Chrome is designed to make online applications faster, more stable, and easier to use.
I’m a freelance science and technology journalist based in San Francisco. I was the information technology editor at MIT’s Technology Review from 2005 to 2009, where I wrote more than 350 stories about emerging technologies in areas that include computers, mobile devices, displays, communication networks, Internet startups, and more.
I was an integral part of a technology trend-spotting team, highlighting early work in reality mining, plasmonics, adaptable networks, and racetrack memory. I’ve contributed to The Economist, U.S News & World Report, Gizmodo, New Scientist, Science News, and SELF, among other publications. And I’m currently working on a book with Nathan Eagle called Reality Mining: Using Big Data to Engineer a Better World (MIT Press).
Kate Greene's Stories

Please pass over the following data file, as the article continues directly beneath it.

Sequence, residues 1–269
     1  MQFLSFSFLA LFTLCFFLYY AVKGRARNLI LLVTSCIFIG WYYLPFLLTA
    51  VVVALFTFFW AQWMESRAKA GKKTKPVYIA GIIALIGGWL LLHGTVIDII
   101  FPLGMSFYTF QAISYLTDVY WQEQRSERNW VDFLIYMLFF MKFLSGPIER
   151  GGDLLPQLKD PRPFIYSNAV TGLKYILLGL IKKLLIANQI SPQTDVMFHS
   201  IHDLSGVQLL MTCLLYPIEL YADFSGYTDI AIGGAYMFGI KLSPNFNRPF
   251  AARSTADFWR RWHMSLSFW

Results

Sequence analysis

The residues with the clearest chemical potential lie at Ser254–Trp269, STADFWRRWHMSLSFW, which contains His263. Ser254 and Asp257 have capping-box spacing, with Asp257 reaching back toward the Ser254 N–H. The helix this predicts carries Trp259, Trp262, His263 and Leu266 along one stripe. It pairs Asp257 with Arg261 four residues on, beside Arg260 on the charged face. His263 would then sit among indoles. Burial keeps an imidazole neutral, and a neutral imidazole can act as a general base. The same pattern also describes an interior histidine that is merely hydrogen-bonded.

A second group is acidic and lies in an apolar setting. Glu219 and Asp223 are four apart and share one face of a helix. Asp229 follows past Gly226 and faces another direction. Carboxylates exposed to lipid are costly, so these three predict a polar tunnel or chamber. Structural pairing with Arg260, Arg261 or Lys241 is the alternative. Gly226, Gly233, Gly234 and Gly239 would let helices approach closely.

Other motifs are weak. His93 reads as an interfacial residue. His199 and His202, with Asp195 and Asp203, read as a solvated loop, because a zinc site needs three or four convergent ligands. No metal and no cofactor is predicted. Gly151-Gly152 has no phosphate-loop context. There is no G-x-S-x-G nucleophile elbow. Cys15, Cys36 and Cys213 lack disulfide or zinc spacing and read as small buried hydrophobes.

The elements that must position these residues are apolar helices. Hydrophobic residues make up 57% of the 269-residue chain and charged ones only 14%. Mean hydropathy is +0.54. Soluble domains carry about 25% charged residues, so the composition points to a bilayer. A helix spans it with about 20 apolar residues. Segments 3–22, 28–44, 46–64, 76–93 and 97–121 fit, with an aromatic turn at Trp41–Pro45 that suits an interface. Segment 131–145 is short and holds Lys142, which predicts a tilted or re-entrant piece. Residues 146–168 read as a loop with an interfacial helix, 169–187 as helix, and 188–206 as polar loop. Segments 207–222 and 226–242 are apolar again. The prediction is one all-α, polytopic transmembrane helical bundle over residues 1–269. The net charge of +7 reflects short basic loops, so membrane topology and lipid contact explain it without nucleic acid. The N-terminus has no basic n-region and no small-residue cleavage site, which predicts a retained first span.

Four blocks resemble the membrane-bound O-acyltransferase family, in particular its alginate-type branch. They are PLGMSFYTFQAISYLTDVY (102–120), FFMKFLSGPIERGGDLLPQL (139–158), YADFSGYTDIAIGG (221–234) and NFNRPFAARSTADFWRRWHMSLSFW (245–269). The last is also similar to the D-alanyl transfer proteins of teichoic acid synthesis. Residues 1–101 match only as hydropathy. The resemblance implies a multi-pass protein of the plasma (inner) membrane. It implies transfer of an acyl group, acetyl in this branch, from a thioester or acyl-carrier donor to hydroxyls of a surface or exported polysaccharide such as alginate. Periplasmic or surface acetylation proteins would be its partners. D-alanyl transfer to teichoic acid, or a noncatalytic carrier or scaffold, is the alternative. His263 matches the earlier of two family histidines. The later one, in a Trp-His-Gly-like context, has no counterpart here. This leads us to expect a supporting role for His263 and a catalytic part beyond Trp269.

Combining scanning approaches could keep PCs safe from viruses.
A new interface bypasses the mouse for some complex tasks.
A San Francisco-based startup called 12seconds is a video version of Twitter, but how useful will it be?
Whrrl combines activity recommendations with real-time location data.
New software could help make location-aware devices ubiquitous.
Web-based startups offer social features that help people make better financial decisions.
Mozilla's chairman explains why mobile devices need an open-source browser.
New publications, experiments and breakthroughs in information technology--and what they mean.
New services link up conversations and messages from across the Web.